The key to reducing sanding time before finishing is milling of the wood. Tablesaw,bandsaw,planer or jointer spending time to get the absolute best from each machine.
    Good Luck
    Aj

  8. #8
    Totally agree. With well behaved species coming out of my planer I can start the sanding routine at 150 or 180 grit and make relatively quickly work of random orbit sanding.
    Still waters run deep.

  9. #9
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    Since I got a couple Festool sanders I havenít touched my Bosch, Dewalt, Makita sanders. Far less hand fatigue and good dust collection - DC matters to me. Better for my lungs and less cleanup.

    Biggest thing you can do with any sander is buy good paper though.

  10. #10
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    Iím amazed at how far weíve come. Why, when I was a young sprout, we didnít mind the vibrations that came from our craftsman half sheet orbital sander. I sanded the floor of my eldest brothers room when he moved out. Couldnít feel a thing with my left hand for a couple of days. I inherited that sander and continued to use it until I tried a PC ROS whereupon the old sander went into the trash.

  11. #11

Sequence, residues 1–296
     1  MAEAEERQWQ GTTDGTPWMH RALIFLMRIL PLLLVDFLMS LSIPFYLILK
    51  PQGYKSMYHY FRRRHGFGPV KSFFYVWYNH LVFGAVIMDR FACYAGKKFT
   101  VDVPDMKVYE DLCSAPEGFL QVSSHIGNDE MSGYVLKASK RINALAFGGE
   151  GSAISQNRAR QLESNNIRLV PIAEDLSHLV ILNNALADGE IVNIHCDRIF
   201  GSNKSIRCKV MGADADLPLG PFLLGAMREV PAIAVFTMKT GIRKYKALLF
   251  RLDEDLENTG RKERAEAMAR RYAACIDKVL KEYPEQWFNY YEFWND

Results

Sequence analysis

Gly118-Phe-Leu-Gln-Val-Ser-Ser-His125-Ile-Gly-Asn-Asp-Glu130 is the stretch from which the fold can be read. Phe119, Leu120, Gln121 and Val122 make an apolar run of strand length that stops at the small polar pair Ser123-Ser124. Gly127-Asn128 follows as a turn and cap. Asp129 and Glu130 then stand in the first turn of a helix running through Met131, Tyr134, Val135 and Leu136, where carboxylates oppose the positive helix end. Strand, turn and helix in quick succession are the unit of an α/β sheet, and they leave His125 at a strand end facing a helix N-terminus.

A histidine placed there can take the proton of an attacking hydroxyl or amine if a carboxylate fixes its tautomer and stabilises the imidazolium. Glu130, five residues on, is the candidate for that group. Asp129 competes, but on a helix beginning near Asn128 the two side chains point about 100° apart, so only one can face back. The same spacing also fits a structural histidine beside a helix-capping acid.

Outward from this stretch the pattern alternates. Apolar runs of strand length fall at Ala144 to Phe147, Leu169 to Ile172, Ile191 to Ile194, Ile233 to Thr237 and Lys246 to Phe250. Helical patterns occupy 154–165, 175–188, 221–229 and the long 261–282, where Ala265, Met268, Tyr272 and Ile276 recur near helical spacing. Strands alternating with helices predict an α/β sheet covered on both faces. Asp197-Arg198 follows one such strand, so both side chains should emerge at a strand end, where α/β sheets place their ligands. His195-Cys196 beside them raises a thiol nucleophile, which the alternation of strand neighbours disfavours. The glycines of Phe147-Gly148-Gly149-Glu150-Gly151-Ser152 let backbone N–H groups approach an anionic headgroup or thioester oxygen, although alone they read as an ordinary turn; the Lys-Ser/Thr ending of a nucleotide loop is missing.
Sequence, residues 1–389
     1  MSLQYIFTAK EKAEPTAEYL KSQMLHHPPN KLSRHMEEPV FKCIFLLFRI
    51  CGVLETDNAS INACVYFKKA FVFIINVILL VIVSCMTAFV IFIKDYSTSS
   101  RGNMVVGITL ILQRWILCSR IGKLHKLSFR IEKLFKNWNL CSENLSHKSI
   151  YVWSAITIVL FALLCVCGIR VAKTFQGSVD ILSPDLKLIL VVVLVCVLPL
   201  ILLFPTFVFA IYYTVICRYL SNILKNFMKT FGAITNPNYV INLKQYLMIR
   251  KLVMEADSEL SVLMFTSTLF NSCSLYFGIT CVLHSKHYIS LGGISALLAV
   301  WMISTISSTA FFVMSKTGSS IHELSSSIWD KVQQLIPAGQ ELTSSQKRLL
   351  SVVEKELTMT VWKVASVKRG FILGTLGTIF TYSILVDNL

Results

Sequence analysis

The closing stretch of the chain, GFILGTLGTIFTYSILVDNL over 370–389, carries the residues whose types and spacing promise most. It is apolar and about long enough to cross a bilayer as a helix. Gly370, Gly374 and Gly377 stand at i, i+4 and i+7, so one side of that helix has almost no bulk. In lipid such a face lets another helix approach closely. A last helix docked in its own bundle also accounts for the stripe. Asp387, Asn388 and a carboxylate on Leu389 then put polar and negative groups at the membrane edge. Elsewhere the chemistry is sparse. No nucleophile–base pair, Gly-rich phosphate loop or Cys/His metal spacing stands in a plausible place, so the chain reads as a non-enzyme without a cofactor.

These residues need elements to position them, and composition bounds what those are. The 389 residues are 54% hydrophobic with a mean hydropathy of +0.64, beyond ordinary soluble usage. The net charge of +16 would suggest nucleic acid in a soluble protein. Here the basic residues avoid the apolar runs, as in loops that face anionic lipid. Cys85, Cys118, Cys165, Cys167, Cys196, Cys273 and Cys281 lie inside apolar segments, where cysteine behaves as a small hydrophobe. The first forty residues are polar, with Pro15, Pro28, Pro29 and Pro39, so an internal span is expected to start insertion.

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    I have several sanders in my shop a cordless Milwaukee, a corded performax, a corded mirka deros, a corded festool ets125, and a corded Bosch. The Milwaukee is almost worthless. It takes forever to sand anything the dust bin constantly falls off and its not very comfortable to use. The performax is not much better it does sand a little faster but has bad vibration. The Bosch is ok but I don't find it comfortable for a extended period of time and it doesn't sand quite as fast as the higher end models. The festool used to be my go to until I bought the mirka. The festool ets is a cheap model for festool and isn't really any better then the Bosch maybe even a little worse. The mirka was a game changer for me I would guess it shaved maybe 30 percent or better off my total sanding time, it is very smooth and comfortable to use for a long time. I very rarely reach for any other sander anymore.